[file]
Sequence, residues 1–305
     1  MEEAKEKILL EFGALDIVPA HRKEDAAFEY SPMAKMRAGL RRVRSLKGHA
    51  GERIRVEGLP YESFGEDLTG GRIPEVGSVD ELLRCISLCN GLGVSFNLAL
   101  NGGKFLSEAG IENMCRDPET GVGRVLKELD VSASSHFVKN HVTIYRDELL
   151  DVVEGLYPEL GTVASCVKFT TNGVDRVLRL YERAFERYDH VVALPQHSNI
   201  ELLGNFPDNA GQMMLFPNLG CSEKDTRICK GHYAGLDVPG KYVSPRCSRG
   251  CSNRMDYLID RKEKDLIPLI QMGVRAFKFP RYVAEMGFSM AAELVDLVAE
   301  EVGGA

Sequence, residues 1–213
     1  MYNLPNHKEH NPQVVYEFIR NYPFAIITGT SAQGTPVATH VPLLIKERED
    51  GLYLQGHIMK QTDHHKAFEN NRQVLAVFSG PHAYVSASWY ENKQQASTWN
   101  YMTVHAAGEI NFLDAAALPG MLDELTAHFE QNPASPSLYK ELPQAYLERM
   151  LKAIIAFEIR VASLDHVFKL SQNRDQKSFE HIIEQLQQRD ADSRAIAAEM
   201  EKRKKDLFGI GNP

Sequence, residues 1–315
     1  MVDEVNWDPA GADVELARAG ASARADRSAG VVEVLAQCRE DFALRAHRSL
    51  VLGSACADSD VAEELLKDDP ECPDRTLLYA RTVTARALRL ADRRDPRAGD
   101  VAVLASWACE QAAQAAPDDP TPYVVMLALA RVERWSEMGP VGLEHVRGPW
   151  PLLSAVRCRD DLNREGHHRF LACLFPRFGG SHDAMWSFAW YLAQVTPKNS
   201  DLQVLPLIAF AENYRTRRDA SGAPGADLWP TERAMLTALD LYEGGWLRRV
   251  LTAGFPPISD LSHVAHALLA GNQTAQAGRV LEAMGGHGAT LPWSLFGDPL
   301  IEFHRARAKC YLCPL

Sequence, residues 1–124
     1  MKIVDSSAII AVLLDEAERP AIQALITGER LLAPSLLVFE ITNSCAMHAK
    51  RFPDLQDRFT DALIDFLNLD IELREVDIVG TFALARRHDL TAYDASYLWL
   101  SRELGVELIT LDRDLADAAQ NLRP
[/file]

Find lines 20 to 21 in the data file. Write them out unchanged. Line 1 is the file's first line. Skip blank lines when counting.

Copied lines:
   201  DLQVLPLIAF AENYRTRRDA SGAPGADLWP TERAMLTALD LYEGGWLRRV
   251  LTAGFPPISD LSHVAHALLA GNQTAQAGRV LEAMGGHGAT LPWSLFGDPL